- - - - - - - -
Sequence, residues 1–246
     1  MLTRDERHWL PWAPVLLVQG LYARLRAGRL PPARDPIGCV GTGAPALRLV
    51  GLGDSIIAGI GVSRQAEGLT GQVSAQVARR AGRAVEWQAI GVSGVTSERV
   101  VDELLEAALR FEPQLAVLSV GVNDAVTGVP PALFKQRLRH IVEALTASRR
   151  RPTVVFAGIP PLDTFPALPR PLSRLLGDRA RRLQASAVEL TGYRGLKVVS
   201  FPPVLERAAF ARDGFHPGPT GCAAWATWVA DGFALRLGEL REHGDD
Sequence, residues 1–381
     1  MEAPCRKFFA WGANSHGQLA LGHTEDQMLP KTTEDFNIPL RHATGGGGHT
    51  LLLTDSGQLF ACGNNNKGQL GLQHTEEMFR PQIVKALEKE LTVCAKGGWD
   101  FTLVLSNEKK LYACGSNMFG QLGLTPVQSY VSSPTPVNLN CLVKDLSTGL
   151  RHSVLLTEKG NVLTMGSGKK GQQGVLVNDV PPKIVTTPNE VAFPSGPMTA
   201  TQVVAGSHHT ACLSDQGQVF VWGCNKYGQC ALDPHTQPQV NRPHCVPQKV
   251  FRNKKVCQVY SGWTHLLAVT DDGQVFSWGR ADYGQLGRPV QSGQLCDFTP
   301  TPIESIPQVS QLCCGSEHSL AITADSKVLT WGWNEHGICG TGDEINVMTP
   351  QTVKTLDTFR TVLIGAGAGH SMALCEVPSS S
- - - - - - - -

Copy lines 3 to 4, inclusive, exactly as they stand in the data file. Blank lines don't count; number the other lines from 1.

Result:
    51  GLGDSIIAGI GVSRQAEGLT GQVSAQVARR AGRAVEWQAI GVSGVTSERV
   101  VDELLEAALR FEPQLAVLSV GVNDAVTGVP PALFKQRLRH IVEALTASRR